In chemistry, a buffer solution is a solution, typically in water; It contains ions of a weak acid and its conjugate base, or a weak base and its conjugate acid. With the former, one creates an "acid buffer," and with the latter, a "base buffer". There's generally no significant difference between the two except one is acidic (pH < 7) and the other is basic (pH > 7).

The solution needs to contain ions of both a weak acid (or base) and it's conjugate base (or acid). The purpose of a buffer solution is to create a solution where adding a small amount of a strong base (or acid) will only cause a slight increase in pH. It acts as a buffer for the strong base/acid. If you have some neutral solution, or have a strong acid(base) solution, adding in a little bit of strong base(acid) will cause a HUGE change in pH. Not so for a buffer solution.

Let's take the example of a weak acid/conjugate base pair. You add in a small amount of strong base, and this strong base neutralizes a little bit of the weak acid, until what strong base you added is 'used up.' (note that 'small' is relative. if you start with, say, 50 mL of a .1 M hydrofluoric acid (HF), adding 1 mL of the strong base sodium hydroxide is considered small). This creates some more of the conjugate base. Of course, after adding in so much strong base, you can "lose" your buffer. This is observable in a titration curve, which deserves its own node entirely. Once the same number of moles of original weak acid and strong base have been added, the equivalence point is reached and the buffer is gone. (Note: you can replace all instances of base/acid in the last paragraph with acid/base).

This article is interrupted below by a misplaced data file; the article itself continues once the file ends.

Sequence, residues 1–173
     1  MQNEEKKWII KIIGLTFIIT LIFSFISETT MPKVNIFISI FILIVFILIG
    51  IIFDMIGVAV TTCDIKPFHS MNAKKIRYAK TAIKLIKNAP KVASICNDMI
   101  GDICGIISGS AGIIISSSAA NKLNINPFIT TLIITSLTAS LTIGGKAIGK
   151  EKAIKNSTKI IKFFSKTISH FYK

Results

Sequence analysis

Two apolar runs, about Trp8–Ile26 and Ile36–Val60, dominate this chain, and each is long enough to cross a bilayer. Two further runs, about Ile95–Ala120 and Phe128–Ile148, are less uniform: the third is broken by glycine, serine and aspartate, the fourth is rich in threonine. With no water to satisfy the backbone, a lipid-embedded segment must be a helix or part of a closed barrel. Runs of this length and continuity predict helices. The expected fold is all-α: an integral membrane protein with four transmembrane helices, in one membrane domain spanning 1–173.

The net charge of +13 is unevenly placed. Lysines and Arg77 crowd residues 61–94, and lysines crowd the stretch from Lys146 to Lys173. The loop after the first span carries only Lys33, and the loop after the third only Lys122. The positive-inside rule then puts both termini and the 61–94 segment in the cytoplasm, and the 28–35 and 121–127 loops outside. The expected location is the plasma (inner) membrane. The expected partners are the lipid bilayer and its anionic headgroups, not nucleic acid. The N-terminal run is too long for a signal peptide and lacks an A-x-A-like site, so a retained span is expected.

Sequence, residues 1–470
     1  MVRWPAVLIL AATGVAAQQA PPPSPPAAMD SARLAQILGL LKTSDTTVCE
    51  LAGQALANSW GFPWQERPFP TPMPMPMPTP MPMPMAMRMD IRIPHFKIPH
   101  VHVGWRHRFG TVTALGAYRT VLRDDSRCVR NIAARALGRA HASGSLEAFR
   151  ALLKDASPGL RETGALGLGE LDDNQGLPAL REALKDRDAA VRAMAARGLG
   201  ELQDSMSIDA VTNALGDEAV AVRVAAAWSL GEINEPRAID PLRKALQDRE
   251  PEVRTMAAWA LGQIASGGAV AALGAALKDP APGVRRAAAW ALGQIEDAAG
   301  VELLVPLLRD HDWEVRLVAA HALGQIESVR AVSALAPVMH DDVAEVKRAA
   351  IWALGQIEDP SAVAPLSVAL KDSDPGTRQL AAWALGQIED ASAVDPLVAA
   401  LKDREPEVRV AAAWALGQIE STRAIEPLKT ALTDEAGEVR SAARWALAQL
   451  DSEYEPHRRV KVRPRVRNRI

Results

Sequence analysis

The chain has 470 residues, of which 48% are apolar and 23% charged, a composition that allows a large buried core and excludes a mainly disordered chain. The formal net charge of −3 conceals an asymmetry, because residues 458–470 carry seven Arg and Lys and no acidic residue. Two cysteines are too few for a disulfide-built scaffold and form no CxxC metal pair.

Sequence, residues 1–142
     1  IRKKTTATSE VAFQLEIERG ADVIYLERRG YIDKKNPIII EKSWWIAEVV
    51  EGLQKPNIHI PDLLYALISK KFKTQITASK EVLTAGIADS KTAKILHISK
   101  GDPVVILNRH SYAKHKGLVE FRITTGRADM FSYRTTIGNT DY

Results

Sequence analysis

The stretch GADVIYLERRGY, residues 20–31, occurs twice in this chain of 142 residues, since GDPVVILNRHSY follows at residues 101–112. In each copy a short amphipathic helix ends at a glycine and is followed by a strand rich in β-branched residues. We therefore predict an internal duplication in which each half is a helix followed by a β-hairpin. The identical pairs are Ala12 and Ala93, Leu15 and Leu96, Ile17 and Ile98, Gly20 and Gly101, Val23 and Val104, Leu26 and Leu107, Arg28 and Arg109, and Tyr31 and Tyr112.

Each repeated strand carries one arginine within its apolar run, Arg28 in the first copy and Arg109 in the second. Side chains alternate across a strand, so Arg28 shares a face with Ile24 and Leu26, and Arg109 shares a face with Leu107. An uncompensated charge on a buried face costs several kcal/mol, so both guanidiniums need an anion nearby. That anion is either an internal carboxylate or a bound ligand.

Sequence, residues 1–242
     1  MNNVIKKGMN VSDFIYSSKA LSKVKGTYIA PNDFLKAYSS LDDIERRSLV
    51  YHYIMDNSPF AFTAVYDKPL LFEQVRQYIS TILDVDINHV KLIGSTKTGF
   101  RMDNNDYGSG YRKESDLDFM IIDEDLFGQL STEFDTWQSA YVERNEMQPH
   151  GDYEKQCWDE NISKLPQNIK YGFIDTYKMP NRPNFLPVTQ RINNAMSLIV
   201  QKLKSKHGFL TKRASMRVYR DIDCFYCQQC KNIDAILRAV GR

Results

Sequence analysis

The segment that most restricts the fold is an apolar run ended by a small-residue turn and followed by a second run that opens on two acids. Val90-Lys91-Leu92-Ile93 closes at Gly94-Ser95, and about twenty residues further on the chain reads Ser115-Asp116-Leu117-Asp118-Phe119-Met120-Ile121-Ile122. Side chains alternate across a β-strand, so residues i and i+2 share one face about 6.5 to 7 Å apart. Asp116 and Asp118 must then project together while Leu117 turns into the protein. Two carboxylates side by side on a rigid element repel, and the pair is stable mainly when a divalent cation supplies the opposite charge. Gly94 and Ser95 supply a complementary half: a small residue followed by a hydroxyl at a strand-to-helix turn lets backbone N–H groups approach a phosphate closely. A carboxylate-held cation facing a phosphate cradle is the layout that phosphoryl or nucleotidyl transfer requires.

You prepare a buffer solution by starting with a solution of weak acid or base, and adding in a salt of its conjugate base or acid. For example, if hydrofluoric acid, HF, were your weak acid, adding in a bit of, say, sodium fluoride (NaF) solution (or solid) will give you a buffer. The sodium would be a spectator, and the fluorine atoms will float around (and reach equilibrium with HF). The reason for this comes from the equilibrium expression:

HF <--> H+ + F-

Very little fluoride ion comes from the dissociation of HF, so you need to get some more fluoride ion in there to get a decent buffer. Same principle applies to pretty much every other weak acid(base)/conjugate base(acid) pair you can think of.

Something else to note is that, in general, polyprotic acids are better buffers than monoprotic ones. Just look at phosphoric acid: H3PO4. One mole of phosphoric acid can be hit with 3 moles of base before losing it's buffer (it goes to H2PO4-, HPO4-2, and PO4-3, in that order). Basically a polyprotic buffer can be hit with more moles of acid or base before being consumed entirely.

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